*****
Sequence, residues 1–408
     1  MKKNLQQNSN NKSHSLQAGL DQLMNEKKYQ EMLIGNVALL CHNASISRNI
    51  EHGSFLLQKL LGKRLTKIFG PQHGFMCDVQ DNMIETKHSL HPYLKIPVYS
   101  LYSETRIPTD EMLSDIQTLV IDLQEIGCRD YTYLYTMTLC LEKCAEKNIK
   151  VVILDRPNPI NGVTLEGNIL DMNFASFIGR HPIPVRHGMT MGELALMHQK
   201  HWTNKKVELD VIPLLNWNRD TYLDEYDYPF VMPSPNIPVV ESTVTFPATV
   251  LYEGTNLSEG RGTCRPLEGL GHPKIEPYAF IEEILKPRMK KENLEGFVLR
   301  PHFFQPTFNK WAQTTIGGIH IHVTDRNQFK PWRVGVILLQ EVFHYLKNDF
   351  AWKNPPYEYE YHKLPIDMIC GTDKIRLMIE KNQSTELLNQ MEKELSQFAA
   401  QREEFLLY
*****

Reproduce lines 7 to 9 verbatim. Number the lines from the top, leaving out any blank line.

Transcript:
   251  LYEGTNLSEG RGTCRPLEGL GHPKIEPYAF IEEILKPRMK KENLEGFVLR
   301  PHFFQPTFNK WAQTTIGGIH IHVTDRNQFK PWRVGVILLQ EVFHYLKNDF
   351  AWKNPPYEYE YHKLPIDMIC GTDKIRLMIE KNQSTELLNQ MEKELSQFAA